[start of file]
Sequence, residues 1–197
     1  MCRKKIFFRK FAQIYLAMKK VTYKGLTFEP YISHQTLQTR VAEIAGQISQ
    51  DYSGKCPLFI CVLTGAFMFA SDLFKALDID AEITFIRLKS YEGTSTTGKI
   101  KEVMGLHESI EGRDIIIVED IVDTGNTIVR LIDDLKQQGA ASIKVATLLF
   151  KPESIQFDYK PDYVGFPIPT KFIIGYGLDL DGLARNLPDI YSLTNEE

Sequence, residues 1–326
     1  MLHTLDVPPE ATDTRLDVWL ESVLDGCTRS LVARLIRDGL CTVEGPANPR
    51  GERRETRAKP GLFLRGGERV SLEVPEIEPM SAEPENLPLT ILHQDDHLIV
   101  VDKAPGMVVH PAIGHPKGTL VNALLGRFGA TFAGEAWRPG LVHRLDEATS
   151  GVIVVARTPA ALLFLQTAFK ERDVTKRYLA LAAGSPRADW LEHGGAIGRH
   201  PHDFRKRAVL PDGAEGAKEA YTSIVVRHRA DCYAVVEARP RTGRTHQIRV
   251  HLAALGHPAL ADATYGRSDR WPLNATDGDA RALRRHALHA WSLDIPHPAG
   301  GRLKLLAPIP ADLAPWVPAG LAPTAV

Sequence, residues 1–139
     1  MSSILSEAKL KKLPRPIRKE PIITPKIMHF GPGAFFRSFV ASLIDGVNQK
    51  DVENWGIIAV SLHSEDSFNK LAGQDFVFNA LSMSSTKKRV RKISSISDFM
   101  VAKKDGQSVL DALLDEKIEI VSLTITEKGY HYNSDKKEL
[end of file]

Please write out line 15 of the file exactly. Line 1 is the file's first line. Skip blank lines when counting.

     1  MSSILSEAKL KKLPRPIRKE PIITPKIMHF GPGAFFRSFV ASLIDGVNQK